Speaking before the Economic Club of Washington, Treasury Secretary Henry Paulson outlined several possibilities for how government-sponsored enterprises (GSEs) Fannie Mae and Freddie Mac may be transformed.
Of the four suggestions offered by Paulson – nationalizing the GSEs by eliminating their shareholders, changing the GSEs into a Ginnie Mae-like entity that provides partial guarantees for mortgage-backed securities, privatizing the GSEs and replacing Fannie and Freddie with private-sector entities governed by a rate-setting commission – he seemed to most heavily favor the latter option.
Under what Paulson calls a "utility model," the privately owned entities would purchase and securitize mortgages with a credit guarantee backed by the federal government, and would not have investment portfolios. A rate-setting commission would establish a targeted rate of return for the entities, as well as approve mortgage product and underwriting innovations.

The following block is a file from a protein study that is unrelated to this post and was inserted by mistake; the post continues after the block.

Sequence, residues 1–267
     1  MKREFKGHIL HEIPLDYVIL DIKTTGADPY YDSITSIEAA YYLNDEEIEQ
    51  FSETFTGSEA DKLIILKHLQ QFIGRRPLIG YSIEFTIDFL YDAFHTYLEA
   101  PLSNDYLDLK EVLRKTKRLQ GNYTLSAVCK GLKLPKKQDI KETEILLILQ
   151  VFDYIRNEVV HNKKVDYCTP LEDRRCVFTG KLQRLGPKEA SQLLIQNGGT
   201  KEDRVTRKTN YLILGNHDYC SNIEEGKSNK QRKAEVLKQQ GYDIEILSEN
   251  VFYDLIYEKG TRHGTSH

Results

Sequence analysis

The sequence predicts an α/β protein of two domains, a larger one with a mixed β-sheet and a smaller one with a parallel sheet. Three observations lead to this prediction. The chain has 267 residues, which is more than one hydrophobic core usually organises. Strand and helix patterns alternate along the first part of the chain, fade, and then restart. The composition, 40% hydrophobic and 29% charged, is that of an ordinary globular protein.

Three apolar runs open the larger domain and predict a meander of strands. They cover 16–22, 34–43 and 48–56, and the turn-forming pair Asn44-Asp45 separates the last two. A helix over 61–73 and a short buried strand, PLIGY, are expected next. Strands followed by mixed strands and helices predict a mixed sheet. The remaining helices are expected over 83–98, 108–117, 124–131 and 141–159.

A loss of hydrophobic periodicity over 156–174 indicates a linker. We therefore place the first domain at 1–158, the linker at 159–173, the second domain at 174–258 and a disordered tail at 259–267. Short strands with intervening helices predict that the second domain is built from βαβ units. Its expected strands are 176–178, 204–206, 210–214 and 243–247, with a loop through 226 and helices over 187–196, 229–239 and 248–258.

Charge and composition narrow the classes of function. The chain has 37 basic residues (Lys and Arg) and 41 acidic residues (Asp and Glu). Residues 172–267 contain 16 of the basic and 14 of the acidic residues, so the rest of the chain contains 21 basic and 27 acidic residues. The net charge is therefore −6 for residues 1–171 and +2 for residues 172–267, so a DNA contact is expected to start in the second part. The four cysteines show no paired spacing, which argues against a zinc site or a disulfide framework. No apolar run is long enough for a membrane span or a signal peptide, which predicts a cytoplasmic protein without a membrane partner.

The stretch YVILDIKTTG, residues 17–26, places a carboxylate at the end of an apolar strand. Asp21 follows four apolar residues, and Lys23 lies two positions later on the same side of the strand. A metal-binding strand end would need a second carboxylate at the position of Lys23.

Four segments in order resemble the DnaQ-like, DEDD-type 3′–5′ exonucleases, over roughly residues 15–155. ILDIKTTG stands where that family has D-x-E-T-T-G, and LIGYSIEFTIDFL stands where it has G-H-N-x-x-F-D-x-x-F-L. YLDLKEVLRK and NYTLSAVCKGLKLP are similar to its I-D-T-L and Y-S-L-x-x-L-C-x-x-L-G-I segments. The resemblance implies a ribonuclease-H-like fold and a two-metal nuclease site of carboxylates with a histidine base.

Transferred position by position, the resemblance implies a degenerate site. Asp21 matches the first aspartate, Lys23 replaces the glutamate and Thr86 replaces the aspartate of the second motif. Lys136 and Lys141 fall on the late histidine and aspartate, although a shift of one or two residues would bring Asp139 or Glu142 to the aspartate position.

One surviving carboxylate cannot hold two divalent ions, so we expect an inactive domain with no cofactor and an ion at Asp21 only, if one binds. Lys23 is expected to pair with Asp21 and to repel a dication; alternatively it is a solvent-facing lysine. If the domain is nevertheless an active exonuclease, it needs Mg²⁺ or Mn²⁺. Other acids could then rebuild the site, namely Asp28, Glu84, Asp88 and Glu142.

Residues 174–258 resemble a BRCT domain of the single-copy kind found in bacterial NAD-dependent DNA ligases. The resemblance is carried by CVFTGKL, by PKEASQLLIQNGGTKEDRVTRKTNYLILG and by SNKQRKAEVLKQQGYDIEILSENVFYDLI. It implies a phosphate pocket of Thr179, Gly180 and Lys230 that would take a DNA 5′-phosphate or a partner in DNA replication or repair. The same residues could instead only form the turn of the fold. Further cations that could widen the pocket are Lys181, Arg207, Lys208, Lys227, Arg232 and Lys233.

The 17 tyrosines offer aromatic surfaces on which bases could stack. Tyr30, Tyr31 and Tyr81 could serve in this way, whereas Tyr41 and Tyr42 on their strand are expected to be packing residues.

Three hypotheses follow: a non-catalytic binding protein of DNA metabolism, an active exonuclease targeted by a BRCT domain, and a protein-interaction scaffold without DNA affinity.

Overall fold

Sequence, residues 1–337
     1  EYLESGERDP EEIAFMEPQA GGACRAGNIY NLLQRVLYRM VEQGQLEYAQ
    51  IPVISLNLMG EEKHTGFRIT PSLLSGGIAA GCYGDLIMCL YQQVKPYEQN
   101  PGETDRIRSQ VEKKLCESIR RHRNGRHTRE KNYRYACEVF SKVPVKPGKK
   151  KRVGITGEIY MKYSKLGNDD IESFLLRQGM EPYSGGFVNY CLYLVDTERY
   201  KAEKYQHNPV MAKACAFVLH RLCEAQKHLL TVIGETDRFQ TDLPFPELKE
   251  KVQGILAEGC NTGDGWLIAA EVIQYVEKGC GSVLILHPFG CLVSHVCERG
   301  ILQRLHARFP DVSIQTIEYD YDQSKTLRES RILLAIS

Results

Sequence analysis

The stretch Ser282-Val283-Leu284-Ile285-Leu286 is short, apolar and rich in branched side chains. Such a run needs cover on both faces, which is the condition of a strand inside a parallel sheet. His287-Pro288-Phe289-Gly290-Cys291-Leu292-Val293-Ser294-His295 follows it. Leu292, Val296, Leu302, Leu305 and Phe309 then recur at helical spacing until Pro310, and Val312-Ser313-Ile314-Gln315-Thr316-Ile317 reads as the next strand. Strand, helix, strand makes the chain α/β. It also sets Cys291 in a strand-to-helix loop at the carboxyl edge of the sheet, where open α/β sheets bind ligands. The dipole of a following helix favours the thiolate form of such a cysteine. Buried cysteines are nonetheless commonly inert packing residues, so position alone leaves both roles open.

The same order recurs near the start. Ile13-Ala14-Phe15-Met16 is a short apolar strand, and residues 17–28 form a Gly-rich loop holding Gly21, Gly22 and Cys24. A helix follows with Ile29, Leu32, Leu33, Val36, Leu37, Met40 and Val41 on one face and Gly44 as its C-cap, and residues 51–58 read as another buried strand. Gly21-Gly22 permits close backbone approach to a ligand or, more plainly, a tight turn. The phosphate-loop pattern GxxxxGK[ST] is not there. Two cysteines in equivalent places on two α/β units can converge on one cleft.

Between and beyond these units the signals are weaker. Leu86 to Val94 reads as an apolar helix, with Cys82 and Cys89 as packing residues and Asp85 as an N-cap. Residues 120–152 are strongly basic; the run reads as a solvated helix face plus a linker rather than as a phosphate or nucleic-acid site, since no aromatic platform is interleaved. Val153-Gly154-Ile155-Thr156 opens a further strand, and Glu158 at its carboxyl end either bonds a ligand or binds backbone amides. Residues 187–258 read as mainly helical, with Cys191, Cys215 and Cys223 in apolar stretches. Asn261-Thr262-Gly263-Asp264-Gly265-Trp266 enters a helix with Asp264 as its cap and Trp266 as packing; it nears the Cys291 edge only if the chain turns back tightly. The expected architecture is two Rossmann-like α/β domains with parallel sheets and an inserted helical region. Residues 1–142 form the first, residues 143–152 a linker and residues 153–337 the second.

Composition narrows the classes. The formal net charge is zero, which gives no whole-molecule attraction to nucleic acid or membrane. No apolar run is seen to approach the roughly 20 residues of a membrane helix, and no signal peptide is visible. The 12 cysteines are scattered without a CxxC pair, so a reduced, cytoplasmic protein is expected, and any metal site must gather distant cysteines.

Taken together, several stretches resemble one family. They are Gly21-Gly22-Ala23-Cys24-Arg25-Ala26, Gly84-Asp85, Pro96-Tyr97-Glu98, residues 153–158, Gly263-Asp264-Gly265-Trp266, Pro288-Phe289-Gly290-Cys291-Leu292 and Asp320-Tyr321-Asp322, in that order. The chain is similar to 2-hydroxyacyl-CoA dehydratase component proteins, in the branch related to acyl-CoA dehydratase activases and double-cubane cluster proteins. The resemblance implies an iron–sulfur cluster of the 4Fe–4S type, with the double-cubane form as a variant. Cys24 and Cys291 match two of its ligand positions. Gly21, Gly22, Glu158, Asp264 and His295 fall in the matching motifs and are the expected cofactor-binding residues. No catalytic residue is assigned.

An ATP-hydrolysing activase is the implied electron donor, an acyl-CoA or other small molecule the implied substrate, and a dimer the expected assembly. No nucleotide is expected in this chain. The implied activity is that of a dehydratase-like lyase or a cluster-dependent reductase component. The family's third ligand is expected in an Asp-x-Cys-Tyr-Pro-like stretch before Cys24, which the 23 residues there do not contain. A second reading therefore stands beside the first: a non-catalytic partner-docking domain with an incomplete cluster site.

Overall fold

"In this model, continued safety and soundness regulation would be essential," he said. Paulson made it clear that the current economic crisis provides opportunity for revamping the GSEs, saying it'd be a "grave error if we don't use this period to decide what role government in general, and these entities in particular, should play in the housing market."
Paulson also indicated that the GSEs need not return to their original, private/public form.
"Government support needs to be either explicit or non-existent, and structured, to resolve the conflict between public and private purposes," he argued. "Any middle ground is a recipe for another crisis."
His comments can be viewed in their entirety on the Treasury's Web site, http://www.treas.gov/press/releases/hp1345.htm.
SOURCE: U.S. Treasury